Judi Bayly’s service dog, Kira, goes everywhere her owner goes. She has to — the calm Irish setter is crucial to the well-being and freedom of Bayly, who has multiple sclerosis and diabetes.
Kira has been on Caribbean cruises, shopping trips to WalMart, to lunches out at restaurants, to appointments at medical offices and many other places. She is trained to pay attention to small signs that indicate Bayly’s blood sugar levels are going out of control, and also to nudge open doors and help her owner navigate tricky, small spaces, including public restrooms.
“Without having Kira to get around, I don’t,” said Bayly, who is living in Hampden right now. “I would just have to stay home.”
That’s why Bayly, 62, gets her hackles up when she hears of people abusing the Americans with Disabilities Act, the law that allows trained service dogs to accompany disabled people in all areas members of the public can go.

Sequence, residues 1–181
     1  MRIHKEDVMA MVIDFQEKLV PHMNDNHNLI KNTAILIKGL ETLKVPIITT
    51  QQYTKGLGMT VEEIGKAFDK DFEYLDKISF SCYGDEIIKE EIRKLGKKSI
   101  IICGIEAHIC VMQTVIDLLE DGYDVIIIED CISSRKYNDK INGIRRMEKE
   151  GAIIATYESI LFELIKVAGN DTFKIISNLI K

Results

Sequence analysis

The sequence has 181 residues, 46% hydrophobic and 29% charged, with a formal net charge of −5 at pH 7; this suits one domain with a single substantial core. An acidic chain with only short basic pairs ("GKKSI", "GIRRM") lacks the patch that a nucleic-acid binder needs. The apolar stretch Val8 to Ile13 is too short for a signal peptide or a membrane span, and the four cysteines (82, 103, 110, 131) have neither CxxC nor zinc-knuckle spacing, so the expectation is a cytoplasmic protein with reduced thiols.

“To be in a store or a business where somebody brings a pet dog that has not been trained for public access, it causes a disruption for the working dog,” she said. “I have literally had a dog jump out of a shopping cart, run five aisles over and bite my dog. My dog got bitten by a fake service dog.”
Bayly and other disability rights advocates would like more people to better understand the law, which makes it a federal crime to both use a fake service animal and to discriminate against a disabled person who is using a real one. More information would help smooth relationships between disabled people and business owners, according to Kathy Hecht of Searsport, a University of Maine at Machias instructor who teaches service dog training and uses a service dog herself.
“As somebody using a service dog, you do have rights protected under the law, but you also have huge responsibilities,” Hecht said. “A lot of people say, ‘I have a disability and therefore you have to put up with my dog.’ But nobody has to put up with a dog that is causing problems.”